BANGKOK: Thai police used tear gas, water cannons and rubber bullets on Sunday as they tried to stop protesters from marching on Prime Minister Prayuth Chan-ocha’s office and called on him to resign.
More than 1,000 protesters took part in the demonstration, which the police had not been able to disperse till now.
Several protesters carried fake body-bags to represent coronavirus deaths, as they blame the prime minister and his government for mismanagement of the COVID-19 pandemic.
“The government has been poor at managing the situation and if we don’t do anything there will be no change,” Kanyaporn Virat, 34, one of the protesters, told Reuters.
The use of force by police came as some protesters tried to break barbed wire and metal barricades set up by officials to block roads from the Democracy Memorial to Government House, where the prime minister works.
“Killer Sarkar!”, Panusaya “Rung” Sithijiravantankul, a protest leader, tweeted after the use of force.
The protest marked a year after the first of a wave of massive street protests led by youth groups that drew hundreds of thousands across the country.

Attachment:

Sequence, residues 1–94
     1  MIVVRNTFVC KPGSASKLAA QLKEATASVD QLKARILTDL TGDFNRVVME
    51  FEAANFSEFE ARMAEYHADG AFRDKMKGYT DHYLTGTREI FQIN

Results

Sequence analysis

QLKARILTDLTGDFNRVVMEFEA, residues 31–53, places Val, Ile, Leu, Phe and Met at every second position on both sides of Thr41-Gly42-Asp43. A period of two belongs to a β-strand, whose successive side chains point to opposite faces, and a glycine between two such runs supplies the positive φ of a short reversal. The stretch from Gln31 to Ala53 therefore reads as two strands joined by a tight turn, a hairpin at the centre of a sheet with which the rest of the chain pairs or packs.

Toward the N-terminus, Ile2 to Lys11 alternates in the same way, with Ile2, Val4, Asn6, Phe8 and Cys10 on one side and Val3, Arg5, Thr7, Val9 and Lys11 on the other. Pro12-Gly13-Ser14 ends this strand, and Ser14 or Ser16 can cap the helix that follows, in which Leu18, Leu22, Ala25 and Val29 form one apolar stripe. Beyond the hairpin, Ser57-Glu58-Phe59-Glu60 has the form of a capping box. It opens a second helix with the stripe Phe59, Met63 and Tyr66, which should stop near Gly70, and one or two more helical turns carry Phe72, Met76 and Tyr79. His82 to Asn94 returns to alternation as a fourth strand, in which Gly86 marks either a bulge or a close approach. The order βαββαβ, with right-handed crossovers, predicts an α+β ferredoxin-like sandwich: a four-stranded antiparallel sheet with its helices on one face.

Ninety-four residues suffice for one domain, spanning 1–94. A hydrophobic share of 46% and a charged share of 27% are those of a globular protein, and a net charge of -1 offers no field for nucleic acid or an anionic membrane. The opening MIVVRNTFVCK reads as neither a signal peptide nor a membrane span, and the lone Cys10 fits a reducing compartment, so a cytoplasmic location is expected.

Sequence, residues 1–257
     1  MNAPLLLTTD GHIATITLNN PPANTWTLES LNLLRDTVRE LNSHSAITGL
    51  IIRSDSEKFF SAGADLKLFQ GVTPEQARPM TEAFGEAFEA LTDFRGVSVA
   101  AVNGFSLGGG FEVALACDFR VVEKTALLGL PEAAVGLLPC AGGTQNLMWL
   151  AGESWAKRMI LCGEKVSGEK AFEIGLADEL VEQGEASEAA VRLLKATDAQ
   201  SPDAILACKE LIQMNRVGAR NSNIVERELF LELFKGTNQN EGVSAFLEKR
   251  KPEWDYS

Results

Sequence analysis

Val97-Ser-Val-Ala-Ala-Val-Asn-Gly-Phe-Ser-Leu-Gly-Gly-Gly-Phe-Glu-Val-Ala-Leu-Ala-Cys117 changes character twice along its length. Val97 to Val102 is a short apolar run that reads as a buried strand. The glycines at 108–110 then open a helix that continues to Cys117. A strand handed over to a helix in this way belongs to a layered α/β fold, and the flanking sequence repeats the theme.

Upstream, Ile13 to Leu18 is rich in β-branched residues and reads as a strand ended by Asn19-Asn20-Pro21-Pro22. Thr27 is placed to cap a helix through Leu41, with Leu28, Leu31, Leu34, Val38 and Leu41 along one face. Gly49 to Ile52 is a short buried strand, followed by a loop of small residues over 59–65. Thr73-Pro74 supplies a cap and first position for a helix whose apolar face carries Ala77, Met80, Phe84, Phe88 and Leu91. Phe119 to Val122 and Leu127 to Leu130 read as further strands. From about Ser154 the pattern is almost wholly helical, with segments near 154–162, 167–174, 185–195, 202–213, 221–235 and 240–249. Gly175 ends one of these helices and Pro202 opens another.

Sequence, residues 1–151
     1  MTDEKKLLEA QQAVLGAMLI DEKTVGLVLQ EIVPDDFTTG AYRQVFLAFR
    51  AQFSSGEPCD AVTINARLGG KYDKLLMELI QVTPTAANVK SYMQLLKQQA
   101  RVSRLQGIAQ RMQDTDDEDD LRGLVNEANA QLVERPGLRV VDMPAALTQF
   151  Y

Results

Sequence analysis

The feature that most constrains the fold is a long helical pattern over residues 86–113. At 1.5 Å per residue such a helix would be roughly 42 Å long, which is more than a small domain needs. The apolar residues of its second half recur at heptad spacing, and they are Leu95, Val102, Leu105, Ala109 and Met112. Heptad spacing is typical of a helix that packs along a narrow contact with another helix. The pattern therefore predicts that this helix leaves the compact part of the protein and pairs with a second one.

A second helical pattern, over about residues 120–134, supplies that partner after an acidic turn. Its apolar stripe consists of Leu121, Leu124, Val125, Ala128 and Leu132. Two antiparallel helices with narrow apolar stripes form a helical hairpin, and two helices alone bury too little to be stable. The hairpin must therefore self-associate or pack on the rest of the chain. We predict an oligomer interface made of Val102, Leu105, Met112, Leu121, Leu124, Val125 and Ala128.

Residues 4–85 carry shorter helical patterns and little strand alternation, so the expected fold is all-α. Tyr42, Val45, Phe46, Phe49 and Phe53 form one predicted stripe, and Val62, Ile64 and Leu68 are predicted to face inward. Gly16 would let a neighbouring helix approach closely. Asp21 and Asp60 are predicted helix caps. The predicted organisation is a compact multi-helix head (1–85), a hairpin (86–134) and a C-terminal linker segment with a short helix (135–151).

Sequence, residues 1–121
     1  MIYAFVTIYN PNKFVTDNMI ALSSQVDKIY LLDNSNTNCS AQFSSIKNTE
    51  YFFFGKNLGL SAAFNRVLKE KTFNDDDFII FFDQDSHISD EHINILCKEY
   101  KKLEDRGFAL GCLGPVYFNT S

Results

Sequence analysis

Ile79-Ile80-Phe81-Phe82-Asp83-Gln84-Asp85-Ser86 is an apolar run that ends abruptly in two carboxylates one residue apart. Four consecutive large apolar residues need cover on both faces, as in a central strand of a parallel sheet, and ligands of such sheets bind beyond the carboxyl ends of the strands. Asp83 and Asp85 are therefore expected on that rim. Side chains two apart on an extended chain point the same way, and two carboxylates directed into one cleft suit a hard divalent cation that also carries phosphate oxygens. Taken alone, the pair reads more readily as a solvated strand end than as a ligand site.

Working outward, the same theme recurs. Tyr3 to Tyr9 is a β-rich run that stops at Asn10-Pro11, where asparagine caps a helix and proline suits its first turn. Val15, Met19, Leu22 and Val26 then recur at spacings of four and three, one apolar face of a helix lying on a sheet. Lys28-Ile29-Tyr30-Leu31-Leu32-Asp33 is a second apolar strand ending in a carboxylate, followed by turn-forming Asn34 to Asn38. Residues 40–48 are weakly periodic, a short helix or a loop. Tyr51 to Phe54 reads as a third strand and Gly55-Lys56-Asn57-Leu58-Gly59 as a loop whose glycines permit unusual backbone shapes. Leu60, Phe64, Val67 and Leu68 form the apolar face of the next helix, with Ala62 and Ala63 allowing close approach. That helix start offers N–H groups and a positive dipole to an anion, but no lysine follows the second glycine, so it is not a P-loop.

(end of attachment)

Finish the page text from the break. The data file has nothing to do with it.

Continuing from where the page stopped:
Those protests came to a halt after authorities cracked down on rallies and detained protesting leaders and new waves of COVID-19 infections.
Most of the detained protest leaders have been released on bail and some took part in anti-government protests last month.
To curb the coronavirus spread, the government on Friday imposed a new nationwide ban on public gatherings of more than five people, with a maximum sentence of two years in prison or a fine of up to 40,000 baht ($1,220). ), or both.
Thailand on Sunday reported 11,397 infections and 101 deaths, bringing a cumulative total of 403,386 cases and 3,341 deaths, the vast majority from an outbreak since early April that is being fueled by highly transmissible alpha and delta COVID-19 variants.
Police urged people not to attend Sunday’s protest, saying doing so risked the spread of the coronavirus, and warned that those violating the law and creating unrest would face charges.
“There is an increasing number of newly infected cases on a daily basis,” said deputy police spokesman Kissana Phathanacharoen. “Public concerns, public health concerns will increase by attending such a rally and the current situation will worsen,” he said.
Street protests against the prime minister have been held in recent weeks by several groups, including Prayuth’s former political allies, as frustration mounts over rising infections and the damage the pandemic has caused to the economy.
Last year’s protests also broke traditional taboos by openly criticizing the king, a crime under the country’s strict Les Majeste law that punishes up to 15 years for insulting or defaming the king, queen, heiress and regent gives a prison sentence.